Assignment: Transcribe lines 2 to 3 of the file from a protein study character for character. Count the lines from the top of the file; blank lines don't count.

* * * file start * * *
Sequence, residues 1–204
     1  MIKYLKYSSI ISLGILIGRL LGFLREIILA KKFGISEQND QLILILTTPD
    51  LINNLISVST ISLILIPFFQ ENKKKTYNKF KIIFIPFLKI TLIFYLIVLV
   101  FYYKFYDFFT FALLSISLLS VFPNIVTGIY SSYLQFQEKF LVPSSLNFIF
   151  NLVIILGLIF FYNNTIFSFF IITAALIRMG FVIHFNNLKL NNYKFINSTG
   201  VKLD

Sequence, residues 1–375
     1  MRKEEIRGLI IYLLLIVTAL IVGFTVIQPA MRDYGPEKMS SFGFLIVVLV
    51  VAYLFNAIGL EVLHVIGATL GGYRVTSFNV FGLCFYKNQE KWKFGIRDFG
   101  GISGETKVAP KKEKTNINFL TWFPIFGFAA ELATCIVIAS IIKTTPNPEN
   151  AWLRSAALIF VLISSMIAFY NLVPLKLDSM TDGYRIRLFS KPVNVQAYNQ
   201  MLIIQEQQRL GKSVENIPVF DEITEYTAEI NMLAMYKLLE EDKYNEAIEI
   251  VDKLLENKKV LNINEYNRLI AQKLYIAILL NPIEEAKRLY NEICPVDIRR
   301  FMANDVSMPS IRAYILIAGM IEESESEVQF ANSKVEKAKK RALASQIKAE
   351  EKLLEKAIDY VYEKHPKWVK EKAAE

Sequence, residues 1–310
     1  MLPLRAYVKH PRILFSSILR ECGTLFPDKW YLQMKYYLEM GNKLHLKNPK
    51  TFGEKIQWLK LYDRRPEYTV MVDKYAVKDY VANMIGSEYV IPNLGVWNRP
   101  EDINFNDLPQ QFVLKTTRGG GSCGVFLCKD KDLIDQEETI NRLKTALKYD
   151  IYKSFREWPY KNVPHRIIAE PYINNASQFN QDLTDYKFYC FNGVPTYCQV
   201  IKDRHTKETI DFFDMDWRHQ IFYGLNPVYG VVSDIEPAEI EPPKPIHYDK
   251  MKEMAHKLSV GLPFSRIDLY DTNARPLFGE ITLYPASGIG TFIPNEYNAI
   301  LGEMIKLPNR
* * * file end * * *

     1  MIKYLKYSSI ISLGILIGRL LGFLREIILA KKFGISEQND QLILILTTPD
    51  LINNLISVST ISLILIPFFQ ENKKKTYNKF KIIFIPFLKI TLIFYLIVLV